Identity lifecycle management (ILM) is one of the cornerstones of identity and access management (IAM). Keeping your organization’s data secure against all threats requires diligent, ongoing user account management and monitoring.
Read on to learn about the phases of the identity lifecycle and how management best practices keep your organization’s data secure while providing users access to the data and services they need.
Identity Lifecycle Management
Also known as the identity and access provisioning lifecycle, identity lifecycle management is essentially the management of digital identities from the time of creation until deletion.
The International Information System Security Certification Consortium ((ISC)²) describes the management of the identity lifecycle in the context of the following phases:
- Defining new roles
- Account maintenance
- Access Review
Comprehensive ILM will improve digital security throughout your organization and ensure all users have timely access to the tools and data they need to stay productive. And using an identity and access management system will help keep the process smooth and sustainable over time.
The Phases of the Identity Lifecycle
In the context of the identity access and provisioning lifecycle, identities usually refer to user accounts but can also be computer or service accounts. Breaking the lifecycle down into the five phases outlined by the (ISC) will provide a framework for setting sufficient policies and procedures for long-term user account management.
User Creation and Provisioning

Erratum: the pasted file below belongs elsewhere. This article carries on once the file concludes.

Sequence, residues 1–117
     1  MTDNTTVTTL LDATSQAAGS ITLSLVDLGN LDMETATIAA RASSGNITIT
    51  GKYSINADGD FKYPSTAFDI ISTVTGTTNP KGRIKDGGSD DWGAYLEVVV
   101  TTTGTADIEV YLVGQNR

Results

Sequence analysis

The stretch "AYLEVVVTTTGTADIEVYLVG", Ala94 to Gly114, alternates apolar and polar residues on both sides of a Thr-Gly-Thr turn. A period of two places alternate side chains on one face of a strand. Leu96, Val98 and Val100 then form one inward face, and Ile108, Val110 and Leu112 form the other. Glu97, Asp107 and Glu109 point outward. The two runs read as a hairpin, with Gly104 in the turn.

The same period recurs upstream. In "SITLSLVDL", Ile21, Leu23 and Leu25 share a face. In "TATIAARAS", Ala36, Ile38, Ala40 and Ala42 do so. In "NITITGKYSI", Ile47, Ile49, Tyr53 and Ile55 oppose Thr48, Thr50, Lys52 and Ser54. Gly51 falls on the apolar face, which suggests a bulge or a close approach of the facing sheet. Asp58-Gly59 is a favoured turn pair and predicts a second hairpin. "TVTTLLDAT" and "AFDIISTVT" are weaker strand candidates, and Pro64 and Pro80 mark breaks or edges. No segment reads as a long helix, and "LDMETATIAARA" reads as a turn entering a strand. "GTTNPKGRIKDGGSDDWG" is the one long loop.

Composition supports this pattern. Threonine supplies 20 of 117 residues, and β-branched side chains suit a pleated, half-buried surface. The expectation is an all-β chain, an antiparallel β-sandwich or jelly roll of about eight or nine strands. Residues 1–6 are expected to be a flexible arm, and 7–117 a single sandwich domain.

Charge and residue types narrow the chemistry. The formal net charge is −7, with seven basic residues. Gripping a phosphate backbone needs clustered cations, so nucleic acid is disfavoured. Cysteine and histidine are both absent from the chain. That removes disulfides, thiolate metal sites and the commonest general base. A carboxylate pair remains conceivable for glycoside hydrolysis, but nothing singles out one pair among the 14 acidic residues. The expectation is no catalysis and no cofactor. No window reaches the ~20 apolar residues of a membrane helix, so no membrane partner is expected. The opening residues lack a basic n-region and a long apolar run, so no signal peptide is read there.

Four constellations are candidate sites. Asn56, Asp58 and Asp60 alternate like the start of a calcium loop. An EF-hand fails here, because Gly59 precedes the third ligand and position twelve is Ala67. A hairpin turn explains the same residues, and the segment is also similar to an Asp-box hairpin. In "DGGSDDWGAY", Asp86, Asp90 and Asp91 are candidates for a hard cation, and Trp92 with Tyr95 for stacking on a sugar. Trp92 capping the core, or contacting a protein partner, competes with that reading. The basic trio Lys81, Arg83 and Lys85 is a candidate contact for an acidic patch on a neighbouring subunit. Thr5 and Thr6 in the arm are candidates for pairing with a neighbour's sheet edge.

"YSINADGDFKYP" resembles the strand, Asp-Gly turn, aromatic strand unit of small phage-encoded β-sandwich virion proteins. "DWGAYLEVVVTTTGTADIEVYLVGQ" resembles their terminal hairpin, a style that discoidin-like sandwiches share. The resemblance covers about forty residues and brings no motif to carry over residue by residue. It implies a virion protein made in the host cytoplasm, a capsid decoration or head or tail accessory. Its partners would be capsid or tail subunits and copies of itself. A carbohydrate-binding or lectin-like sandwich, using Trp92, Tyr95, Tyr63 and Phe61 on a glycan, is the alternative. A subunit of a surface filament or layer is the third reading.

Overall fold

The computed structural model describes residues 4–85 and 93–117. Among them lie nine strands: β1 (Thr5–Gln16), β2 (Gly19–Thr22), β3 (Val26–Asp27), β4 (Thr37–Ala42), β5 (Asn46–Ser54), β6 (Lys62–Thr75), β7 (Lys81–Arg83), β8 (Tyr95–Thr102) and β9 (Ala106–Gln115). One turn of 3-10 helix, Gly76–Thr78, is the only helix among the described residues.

Be they an employee, contractor, or student, creating a new account is the first step in the user lifecycle management when someone joins an organization. Provisioning will ensure that the appropriate policies and procedures are followed during the account creation process so that users are granted access appropriately.
Here are some things to keep in mind during the provisioning process:
- Identity Verification – Establish policies and procedures for verifying the identity of new users before enrollment. Options include ID cards, background checks, and security clearance, but the appropriate option depends on the needs of your organization.
- Unique Identifiers – Each new user requires a unique identifier—such as a username—at the very least. Any additional information that will be associated with a user’s identity should be determined by policy to ensure consistency.
- Permissions – Ensure each user is granted the level of permission required to access the data and systems they need to complete their tasks and nothing further. Roles and user groups are a common way of managing this step, and it also helps facilitate ongoing management of the user account.
- Hardware – This is also the time to issue and provide access to any hardware a user may need. Establish and follow strong record-keeping practices to keep track of hardware and make sure it’s being used safely and appropriately.